Intrigued and sensing an important twist in a story that AP has already dominated, Winfield and Santiago correspondent Eva Vergara kicked off an extraordinary effort that would culminate in a three-day, multinational, cross-format papal fact-check, prompting calls for the pope to come clean about a scandal that now threatens his legacy.

Over the course of one frantic weekend the enterprise involved a Paris airport stakeout by senior TV producer Jeff Schaeffer, a missed Super Bowl party hosted by Philadelphia-based TV producer Yvonne Lee and a surreal TV interview conducted by AP reporters on three continents.

For teamwork that spanned the globe, in service of a story of immense global interest, Winfield, Vergara, Schaeffer and Lee are recognized with Beat of the Week.

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Nov. 24, 2017

Best of the States

​APNewsBreak: Patients in three states accuse prominent Philadelphia doctor of sexual abuse

After a prominent Philadelphia neurologist was charged with groping several patients at his clinic, Pennsylvania reporter Michael Rubinkam began digging into the neurologist's past to see if he had been accused of wrongdoing elsewhere.

Reviewing documents in three states, and checking with medical centers and law enforcement, he was able to determine that at least 17 women in Pennsylvania, New York and New Jersey have stepped forward to accuse Cruciani of sexual misconduct that goes back at least a dozen years. Two days after Rubinkam’s story ran, Cruciani pleaded guilty to groping seven patients.

For reporting exclusively that Cruciani has left behind a trail of sex abuse claims in at least three states, and obtaining powerful accounts of how he was able to prey on vulnerable patients, Rubinkam wins this week’s Best of the States award.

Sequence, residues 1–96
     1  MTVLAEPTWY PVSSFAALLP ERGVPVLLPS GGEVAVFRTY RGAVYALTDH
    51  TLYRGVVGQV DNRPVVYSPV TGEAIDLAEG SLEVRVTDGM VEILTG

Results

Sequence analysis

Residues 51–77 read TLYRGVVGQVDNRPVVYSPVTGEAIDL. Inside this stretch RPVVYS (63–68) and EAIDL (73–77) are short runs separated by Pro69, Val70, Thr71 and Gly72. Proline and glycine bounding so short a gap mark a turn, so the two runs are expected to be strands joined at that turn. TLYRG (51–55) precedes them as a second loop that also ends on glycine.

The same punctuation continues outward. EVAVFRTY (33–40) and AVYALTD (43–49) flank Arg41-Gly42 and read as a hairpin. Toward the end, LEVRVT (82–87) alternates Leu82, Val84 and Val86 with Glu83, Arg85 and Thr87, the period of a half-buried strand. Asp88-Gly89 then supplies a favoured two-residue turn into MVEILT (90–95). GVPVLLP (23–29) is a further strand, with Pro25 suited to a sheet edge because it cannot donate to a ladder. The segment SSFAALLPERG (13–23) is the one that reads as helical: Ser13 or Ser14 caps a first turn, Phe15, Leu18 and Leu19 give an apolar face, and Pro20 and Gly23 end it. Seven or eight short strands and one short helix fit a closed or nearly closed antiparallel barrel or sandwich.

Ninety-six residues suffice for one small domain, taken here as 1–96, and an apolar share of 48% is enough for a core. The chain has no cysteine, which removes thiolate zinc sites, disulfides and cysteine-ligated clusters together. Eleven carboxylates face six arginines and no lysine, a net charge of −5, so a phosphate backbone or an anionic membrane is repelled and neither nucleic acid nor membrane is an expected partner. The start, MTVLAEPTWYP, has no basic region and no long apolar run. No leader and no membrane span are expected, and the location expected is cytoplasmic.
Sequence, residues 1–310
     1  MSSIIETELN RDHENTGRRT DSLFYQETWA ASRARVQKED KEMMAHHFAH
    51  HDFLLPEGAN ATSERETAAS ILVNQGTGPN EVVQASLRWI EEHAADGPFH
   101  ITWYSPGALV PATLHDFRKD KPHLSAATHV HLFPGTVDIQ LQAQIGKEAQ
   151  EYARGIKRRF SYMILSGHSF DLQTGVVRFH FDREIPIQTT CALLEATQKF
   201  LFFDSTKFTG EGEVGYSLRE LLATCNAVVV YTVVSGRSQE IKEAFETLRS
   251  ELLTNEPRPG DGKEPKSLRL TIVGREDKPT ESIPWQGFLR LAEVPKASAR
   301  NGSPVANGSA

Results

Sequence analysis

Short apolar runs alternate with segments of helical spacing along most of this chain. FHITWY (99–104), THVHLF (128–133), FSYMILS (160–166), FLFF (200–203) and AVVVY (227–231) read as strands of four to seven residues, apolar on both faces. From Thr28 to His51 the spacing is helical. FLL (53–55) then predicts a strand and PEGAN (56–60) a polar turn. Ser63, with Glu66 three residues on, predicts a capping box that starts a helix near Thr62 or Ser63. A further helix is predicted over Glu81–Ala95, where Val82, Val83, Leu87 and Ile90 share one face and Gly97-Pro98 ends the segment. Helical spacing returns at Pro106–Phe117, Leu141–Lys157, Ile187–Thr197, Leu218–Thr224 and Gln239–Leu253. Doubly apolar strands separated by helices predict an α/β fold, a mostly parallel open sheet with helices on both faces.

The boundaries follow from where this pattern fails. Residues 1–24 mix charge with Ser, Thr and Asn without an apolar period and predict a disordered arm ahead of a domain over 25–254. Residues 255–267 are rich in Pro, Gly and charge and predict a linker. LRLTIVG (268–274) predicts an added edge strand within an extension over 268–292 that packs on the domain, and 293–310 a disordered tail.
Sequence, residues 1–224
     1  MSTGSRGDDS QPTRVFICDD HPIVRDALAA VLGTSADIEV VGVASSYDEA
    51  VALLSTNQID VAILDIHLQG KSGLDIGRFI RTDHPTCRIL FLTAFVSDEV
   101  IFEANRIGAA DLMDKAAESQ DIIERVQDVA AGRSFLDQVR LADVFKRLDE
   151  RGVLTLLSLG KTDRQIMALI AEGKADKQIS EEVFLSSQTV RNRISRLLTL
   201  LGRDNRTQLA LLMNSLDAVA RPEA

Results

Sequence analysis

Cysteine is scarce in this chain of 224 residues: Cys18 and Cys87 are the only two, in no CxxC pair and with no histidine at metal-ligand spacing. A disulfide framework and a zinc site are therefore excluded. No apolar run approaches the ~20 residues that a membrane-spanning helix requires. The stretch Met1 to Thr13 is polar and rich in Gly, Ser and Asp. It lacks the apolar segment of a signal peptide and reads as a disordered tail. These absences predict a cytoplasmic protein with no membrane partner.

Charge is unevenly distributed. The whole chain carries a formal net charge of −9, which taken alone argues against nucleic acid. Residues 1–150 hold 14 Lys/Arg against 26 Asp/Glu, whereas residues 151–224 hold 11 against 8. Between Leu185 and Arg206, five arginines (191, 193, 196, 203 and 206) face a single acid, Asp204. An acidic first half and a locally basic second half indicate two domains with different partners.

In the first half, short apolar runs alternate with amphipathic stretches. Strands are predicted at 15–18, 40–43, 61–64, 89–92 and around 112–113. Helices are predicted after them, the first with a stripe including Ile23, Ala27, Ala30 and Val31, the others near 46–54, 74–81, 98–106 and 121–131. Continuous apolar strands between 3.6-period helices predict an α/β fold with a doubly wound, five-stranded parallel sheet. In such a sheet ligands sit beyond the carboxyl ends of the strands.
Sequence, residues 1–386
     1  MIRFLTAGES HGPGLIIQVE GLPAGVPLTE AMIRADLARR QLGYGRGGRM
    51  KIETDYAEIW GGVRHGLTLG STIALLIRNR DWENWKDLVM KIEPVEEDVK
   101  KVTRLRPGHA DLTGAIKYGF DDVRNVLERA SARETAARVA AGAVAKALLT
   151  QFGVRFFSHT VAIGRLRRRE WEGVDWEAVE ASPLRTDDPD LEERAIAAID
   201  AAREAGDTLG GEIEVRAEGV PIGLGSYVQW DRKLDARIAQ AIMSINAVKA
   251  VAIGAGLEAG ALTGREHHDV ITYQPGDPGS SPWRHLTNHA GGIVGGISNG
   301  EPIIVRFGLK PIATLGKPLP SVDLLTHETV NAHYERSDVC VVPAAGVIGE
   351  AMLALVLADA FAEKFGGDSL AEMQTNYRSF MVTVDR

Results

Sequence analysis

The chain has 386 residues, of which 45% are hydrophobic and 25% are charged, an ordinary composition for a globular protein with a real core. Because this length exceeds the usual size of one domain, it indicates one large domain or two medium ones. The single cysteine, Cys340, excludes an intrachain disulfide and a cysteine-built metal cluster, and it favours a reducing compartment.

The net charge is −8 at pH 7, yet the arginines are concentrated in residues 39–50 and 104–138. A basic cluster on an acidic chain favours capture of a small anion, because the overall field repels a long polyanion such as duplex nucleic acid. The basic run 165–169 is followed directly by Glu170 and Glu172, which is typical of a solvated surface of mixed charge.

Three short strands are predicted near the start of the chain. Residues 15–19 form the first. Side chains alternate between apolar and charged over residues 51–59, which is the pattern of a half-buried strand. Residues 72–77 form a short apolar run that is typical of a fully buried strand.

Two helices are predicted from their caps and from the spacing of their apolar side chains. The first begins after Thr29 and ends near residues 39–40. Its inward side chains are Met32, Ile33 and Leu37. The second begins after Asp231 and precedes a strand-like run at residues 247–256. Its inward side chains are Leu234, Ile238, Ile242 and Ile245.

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Oct. 14, 2016

Best of the Week — First Winner

AP: 'Apprentice' cast and crew say Trump was lewd and sexist

Donald Trump's public comments about women have been a familiar theme in the tumultuous presidential campaign. But what had he said behind the scenes on "The Apprentice," the TV show that made him a household name?

That's the question AP’s Garance Burke set out to answer. Combining shoe-leather reporting with an adept use of social media, the San Francisco-based national investigative reporter tracked down more than 20 people willing to talk about the Republican nominee's language on the set. They recalled Trump making demeaning, crude and sexist comments toward and about female cast and crew members, and that he discussed which contestants he would like to have sex with.

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July 26, 2017

Best of the Week — First Winner

AP team leads media fight for photo access at OJ Simpson parole hearing

What happens when the state of Nevada announces it intends to use its own photographer to cover the parole hearing of O.J. Simpson, and exclude all others?

The Associated Press steps up, rallies the media and forces the state to backtrack. For their efforts to ensure news photo access to a high-profile story, the team of Stephanie Mullen, Ken Ritter and Tom Tait is awarded Beat of the Week.

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July 20, 2017

Best of the States

AP Exclusive: Anti-outsourcing senator's family business uses Mexican labor

One of the most vulnerable senators up for re-election in 2018 – Democrat Joe Donnelly of Indiana - has staked his nearly two-decade political career on opposition to outsourcing and free-trade agreements that ship American jobs abroad.

Following up on a tip from Washington, D.C., colleague Erica Werner, Indiana Statehouse reporter Brian Slodysko pulled together public documents and customs records to reveal that Donnelly has benefited financially from the very free trade policies he has decried since his first run for Congress. As Slodysko reported in his “Only on AP” story, Donnelly earned thousands of dollars in 2016 alone from stock in the arts and crafts business his family has owned for generations, which ships raw materials to its Mexican factory that produces ink pads and other supplies.